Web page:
Leah Chase

Leah Chase

For the Queen of Creole Cuisine, there are two ingredients that she simply cannot cook without and most certainly will not skimp on. “Don’t come in my kitchen if you don’t like butter. I love butter,” says Leah Chase, head chef at New Orleans staple Dooky Chase’s Restaurant. “And I don’t care what you cook, darling, you have to cook it with all the love you can.” Instantly, it becomes clear why President Barack Obama and then-President George W. Bush have pulled up chairs at her restaurant to lick their fingers after a serving of fried chicken and partake of her sage advice. The love and the soulful flavors have kept guests packing the dining room since she sautéed her way into the kitchen in 1946 after marrying musician Edgar “Dooky” Chase II. And she’s still whipping up her classics in that kitchen.

“The same dishes make me excited [now that did then]. I just got through with 20 or 30 gallons of gumbo,” says Chase, 90, who in spite of a limp is still hand chopping seafood, grinding her own herbs and doing the kind of work that has forced strong men decades younger into retirement. “I want it to go out there right, so I take the same extra pain, love and care that I did 60, 70 years ago.”

Back then, elegant restaurants were a privilege enjoyed by only a White clientele. Chase worked to change that, teaching formal service and refined Creole cooking to staff both in front and back of the house, eventually adorning the walls of the restaurant with pieces from her own collection of paintings by African-American artists. “I want it to be perfect, says Chase of her restaurant’s ambience. “I like my white tablecloths and my linen napkins.”

The restaurant became a hub for the community—an essential stop for musicians, civil rights leaders and actors—but with laws declaring that the races were “separate but equal,” Dooky Chase was only able to serve a segment of the population until the arrival of integration. After the restaurant was awash in flood water, then looted amid 2005’s Hurricane Katrina, relocation offers poured in. The Chases stood their ground, setting up shop in a FEMA trailer and fueling the recovery with their hearty gumbo. They knew that moving would signal wavering confidence in their beloved city, and their steadfastness was rewarded.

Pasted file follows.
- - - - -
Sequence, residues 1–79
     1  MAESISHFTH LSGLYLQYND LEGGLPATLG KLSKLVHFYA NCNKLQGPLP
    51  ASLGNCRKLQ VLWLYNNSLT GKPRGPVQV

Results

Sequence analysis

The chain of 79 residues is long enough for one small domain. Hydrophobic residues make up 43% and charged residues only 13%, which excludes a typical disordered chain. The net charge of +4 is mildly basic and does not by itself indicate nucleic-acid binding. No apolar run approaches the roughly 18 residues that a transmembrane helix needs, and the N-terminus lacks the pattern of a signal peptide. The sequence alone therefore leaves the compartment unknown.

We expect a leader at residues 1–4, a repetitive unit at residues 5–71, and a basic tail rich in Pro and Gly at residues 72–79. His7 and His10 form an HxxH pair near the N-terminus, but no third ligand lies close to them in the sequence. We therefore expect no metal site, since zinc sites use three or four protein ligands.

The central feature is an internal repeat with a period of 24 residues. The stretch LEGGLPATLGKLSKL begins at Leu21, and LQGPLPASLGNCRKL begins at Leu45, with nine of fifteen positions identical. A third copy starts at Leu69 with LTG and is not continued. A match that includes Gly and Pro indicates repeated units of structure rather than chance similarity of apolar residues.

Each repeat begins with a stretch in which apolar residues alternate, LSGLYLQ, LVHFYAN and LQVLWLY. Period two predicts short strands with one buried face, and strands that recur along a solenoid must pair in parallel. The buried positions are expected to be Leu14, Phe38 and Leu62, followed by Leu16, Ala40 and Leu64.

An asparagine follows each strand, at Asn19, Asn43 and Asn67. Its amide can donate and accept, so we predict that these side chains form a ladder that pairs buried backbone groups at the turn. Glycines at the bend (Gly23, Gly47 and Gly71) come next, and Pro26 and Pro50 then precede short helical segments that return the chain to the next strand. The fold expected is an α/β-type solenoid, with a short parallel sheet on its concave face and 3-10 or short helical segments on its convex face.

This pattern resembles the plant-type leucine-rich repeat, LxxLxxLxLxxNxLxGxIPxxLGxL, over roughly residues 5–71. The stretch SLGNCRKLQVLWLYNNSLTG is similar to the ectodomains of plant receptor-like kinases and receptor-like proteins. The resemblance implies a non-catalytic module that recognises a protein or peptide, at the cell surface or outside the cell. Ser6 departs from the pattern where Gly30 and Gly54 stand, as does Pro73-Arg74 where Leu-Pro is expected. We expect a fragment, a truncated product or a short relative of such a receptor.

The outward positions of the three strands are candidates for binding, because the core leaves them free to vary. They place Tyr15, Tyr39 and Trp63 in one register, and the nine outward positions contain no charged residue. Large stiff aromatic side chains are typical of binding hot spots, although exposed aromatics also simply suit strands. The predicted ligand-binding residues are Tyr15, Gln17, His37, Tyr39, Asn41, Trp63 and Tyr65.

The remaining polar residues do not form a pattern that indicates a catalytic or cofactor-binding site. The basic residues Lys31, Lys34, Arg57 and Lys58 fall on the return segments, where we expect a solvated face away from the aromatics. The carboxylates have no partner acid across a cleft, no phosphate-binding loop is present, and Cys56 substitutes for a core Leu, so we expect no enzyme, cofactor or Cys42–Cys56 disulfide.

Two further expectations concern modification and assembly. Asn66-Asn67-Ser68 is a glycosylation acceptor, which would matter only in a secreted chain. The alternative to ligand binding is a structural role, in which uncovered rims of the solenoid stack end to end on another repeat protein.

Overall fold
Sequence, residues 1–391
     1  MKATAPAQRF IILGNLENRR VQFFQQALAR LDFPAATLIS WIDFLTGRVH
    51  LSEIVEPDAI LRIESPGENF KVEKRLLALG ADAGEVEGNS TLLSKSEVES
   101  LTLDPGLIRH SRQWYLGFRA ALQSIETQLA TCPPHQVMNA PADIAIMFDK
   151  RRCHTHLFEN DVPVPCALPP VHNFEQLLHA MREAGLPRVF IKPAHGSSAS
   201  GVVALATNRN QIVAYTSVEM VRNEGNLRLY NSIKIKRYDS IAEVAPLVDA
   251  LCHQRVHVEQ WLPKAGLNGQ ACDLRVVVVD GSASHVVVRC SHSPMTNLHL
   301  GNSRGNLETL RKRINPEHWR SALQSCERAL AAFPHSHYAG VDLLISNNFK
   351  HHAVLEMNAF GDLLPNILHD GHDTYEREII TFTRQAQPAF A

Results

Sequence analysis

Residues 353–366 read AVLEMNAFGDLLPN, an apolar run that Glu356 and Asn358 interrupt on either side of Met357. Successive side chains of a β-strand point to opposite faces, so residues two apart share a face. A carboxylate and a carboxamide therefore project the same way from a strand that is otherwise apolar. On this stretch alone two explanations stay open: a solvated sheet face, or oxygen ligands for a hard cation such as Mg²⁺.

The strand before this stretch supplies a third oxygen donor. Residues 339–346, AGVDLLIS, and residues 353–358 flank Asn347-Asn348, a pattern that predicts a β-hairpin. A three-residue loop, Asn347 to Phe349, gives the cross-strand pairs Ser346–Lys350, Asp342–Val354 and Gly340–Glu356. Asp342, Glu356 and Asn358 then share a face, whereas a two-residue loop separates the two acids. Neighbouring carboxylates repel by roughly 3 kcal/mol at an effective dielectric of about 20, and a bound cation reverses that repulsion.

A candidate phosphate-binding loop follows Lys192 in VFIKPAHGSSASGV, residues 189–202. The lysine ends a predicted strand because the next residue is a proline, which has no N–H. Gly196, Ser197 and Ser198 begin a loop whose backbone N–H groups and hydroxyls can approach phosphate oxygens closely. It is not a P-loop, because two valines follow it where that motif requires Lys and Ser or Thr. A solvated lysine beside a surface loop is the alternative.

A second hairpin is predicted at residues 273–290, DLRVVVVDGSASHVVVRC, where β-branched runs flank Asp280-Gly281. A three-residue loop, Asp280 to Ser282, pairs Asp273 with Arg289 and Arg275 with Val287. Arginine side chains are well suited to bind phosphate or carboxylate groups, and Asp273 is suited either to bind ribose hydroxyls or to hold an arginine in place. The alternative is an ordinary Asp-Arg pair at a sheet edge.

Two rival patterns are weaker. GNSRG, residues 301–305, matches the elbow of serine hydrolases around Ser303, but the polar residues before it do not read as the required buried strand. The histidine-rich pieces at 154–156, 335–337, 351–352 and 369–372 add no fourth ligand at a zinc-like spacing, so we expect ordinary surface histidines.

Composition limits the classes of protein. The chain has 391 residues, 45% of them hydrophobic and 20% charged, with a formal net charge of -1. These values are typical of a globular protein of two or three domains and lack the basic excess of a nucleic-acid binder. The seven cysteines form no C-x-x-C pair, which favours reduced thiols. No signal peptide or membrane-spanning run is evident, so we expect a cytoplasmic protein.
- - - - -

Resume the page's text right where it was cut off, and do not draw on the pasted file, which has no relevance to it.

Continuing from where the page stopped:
These days, skin color and hurricanes are the least of Chef Chase’s worries. With Easter fast approaching, the restaurant faces one of its busiest times of the year, when she prepares to cook up to 100 gallons of gumbo z’herbes, commonly known as “green gumbo.” On Holy Thursday, three days before Easter, the historically predominant Catholic population of New Orleans is allowed a big meat meal before the high holiday. Guests flock to enjoy a bowl of Chef Chase’s gumbo made up of nine different greens, sausage, chicken and more. “We always say when we serve you gumbo z’herbes that you will have a new friend for every green I have in the pot,” says Chase as she chuckles about the superstition that her repeat customers are sure to mention every year. “That’s a lot of love in a pot.”

There is that love again. And not only does the affection make for great gumbo, but it also helps her keep up with her 22 great-grandchildren.

She and Dooky II had four children of their own, then came 16 grandchildren, followed by this new generation who have made family dinners—which are held at the restaurant because of sheer size— a loud, good time. “It is just fun, especially with those little ones,” Chase says, recalling one 4-year-old great-granddaughter showing her how to walk faster. “They are more than you can handle.”

For Leah Chase, no matter how long it takes her to walk from table to table greeting guests or how many years she spends bent over a stove, feeding people mouth-watering food is a blessing. Her blessing. “That encourages me to do better and to make a better world for my people.”